The devastation and destruction of Hurricane Katrina has shocked America and changed the lives of hundreds of thousands of people forever—from New Orleans to Houston, from Baton Rouge to
|(L-r) Joshua Farrakhan, Minister Louis Farrakhan and Congressman Al Green listen to the stories of the evacuees. Photos: Stacey Muhammad|
Dallas and other areas in the Gulf Coast Region to other regions across the country. The current crisis has left many unanswered questions regarding Hurricane Katrina, the role and the response of the U.S. government and private relief agencies. On Sept. 11, the Honorable Minister Louis Farrakhan and a delegation from the Millions More Movement toured affected areas to begin a fact-finding mission and listen to the suffering voices of the survivors to truly understand the breadth and depth of their needs.
Minister Farrakhan described the day as a “whirlwind” mission, wherein he traveled to Dallas, for a private meeting with New Orleans Mayor Ray Nagin, who is currently residing with his family there; to Houston to tour the relief centers and listen to survivors at a town hall meeting; to Baton Rouge, La., to address an audience of clergymen and community leaders and finally to Jackson, Miss., to meet with many of the Black mayors of smaller cities and towns in that area that have been devastated by Katrina but ignored by federal relief agencies, as well as the media.
In a press
conference the following day in Charlotte, N.C.—the 17th city on
his 23-city tour mobilizing the Millions More Movement, Minister
Farrakhan informed of one of the most pressing issues discussed
throughout the mission.
“If they are evacuees, don’t they have the right to return, or are they being disbursed in a new Diaspora so that the other cities and towns can absorb this Black people, so that when New Orleans is rebuilt as a mainly White city, so that never again can New Orleans have a Black mayor, and Black police chief?” he asked.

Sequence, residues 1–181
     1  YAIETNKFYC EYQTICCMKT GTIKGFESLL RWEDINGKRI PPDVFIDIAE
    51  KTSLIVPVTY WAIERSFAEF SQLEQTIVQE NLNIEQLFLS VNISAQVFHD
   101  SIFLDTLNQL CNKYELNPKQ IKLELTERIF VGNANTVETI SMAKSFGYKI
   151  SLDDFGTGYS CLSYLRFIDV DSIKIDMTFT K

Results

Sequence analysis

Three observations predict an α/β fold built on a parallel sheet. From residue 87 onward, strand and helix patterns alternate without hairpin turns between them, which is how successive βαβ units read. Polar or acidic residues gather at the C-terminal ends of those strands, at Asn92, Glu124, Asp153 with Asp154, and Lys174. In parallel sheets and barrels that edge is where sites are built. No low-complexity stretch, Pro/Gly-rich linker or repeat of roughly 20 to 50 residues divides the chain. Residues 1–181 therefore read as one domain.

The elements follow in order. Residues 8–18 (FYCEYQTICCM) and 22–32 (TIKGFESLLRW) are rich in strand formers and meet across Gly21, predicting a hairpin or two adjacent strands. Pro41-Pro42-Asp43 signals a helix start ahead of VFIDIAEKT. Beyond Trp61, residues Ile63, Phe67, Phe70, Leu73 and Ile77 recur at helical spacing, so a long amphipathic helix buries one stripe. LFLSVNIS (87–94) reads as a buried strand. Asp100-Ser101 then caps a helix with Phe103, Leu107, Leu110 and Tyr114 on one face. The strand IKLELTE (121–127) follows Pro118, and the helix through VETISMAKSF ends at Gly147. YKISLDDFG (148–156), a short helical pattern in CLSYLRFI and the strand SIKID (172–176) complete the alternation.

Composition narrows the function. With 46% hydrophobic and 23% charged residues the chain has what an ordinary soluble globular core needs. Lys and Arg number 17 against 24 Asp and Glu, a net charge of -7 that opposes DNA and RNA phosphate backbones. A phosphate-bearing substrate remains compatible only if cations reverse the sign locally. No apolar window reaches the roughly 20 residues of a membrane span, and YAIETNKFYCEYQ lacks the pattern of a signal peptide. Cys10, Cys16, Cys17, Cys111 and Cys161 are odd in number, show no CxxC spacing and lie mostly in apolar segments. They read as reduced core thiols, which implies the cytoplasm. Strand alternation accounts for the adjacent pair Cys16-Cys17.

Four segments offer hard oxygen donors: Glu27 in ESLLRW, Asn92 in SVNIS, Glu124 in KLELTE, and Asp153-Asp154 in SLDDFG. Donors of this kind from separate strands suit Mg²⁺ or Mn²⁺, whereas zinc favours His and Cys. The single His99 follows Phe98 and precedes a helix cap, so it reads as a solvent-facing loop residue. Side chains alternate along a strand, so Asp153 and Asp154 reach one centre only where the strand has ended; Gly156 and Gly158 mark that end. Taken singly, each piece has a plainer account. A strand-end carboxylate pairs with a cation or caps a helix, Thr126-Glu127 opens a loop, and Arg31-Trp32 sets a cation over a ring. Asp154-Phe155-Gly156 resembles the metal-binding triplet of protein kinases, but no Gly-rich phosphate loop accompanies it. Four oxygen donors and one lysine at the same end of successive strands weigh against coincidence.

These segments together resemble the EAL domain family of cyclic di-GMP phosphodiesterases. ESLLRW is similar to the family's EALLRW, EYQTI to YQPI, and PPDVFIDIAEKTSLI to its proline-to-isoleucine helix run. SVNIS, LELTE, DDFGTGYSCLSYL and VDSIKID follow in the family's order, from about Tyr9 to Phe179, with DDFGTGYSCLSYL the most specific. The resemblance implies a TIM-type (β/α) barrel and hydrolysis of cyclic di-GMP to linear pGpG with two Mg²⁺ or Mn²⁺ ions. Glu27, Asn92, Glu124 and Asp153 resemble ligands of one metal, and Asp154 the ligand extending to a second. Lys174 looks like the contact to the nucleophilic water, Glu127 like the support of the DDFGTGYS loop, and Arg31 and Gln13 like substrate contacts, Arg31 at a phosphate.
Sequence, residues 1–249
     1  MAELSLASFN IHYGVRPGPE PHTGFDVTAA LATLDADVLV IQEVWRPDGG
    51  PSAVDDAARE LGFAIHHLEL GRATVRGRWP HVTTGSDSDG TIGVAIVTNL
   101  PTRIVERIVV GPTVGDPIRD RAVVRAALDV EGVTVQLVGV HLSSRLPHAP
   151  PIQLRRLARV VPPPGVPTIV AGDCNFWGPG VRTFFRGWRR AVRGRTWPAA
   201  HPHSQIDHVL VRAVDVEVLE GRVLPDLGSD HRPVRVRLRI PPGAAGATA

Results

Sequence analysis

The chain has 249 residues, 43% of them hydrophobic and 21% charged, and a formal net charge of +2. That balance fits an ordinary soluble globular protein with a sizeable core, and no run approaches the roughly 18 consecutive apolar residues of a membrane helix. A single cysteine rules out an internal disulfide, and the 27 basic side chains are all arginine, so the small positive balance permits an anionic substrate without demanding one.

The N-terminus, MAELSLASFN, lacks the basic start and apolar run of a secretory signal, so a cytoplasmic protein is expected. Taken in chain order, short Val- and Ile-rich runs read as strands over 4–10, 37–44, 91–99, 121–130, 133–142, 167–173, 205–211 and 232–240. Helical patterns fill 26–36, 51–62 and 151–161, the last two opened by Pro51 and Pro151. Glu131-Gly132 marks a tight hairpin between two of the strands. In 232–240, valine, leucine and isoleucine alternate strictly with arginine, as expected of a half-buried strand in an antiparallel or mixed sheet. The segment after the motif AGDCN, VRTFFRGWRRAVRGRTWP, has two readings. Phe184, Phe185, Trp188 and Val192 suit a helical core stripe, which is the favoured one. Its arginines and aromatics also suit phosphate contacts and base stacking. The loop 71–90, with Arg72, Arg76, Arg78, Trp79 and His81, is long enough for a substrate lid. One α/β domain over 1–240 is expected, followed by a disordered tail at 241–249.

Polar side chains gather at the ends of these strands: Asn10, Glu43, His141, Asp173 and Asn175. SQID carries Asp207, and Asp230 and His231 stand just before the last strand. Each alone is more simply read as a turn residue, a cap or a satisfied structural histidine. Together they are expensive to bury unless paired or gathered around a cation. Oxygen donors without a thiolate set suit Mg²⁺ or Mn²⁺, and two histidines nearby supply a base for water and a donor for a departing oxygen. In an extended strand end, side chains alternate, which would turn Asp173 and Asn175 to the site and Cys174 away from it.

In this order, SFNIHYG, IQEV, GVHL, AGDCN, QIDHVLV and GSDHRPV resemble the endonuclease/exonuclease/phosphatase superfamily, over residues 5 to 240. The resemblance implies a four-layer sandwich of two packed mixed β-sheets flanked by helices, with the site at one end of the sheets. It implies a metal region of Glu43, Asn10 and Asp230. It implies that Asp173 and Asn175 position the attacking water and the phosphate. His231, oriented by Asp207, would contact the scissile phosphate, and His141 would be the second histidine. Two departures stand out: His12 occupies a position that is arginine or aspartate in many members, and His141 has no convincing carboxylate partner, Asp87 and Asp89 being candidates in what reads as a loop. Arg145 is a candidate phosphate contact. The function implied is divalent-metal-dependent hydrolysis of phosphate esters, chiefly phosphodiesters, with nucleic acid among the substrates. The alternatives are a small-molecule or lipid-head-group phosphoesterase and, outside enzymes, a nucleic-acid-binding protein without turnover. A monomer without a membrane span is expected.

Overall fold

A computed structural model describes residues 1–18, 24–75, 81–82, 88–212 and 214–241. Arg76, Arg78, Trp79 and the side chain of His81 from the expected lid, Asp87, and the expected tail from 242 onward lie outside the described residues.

He also revealed to the press a report that he received, from a “very reliable source” he said, that there was a 25-foot hole under one of the levees that broke, which suggested it may have been busted on purpose to destroy the part of the city where Black people lived.
“This is a horrible thing to think that somebody would do,” he observed, “but all one needs to understand is our history, and Black-White relations in this country, and what some are capable of doing out of envy and desire for political and economic advancement.”
He reminded the press of the only time that bombs ever fell on the soil of the United States—May 31, 1921, the bombing of “Black Wall Street” in Tulsa, Okla., one of the most economically prosperous and independent Black communities ever developed. He recounted that an incident over a Black person “insulting” a White person was fabricated and fomented the farmers’ hatred and envy enough to take to the skies in their planes and drop bombs to burn the Black community to the ground, killing 300 people and wiping the entire district off the map.
The United States has some “very wicked people in high places if you look at our history,” he added.
A tour of comfort
Upon their arrival in Houston, Congressman Al Green (TX-9) warmly received the Honorable Minister Louis Farrakhan and the members of the delegation for a tour of the George R. Brown Convention Center, which is one of many locations where survivors are given relief assistance.
The Millions More Movement delegation included Dr. Julianne Malveaux, Bob Law, Attorney Malik Zulu Shabazz, Minister Akbar Muhammad, Reverend Willie Wilson, Dr. Barbara Skinner, Erykah Badu, Charles Steele and Minister Benjamin Chavis Muhammad. Chief of Staff for the NOI Leonard Muhammad, who had been in the city for nearly a week prior conducting research and preliminary fact-finding meetings, he joined the delegation on the ground.
As the delegation toured the living area, the sight of Minister Farrakhan brought smiles to lonely survivors who shared their pain with him. Evacuee Michael Jackson approached the delegation to request help in finding his two missing girls and Minister Farrakhan talked with him on how it can be accomplished.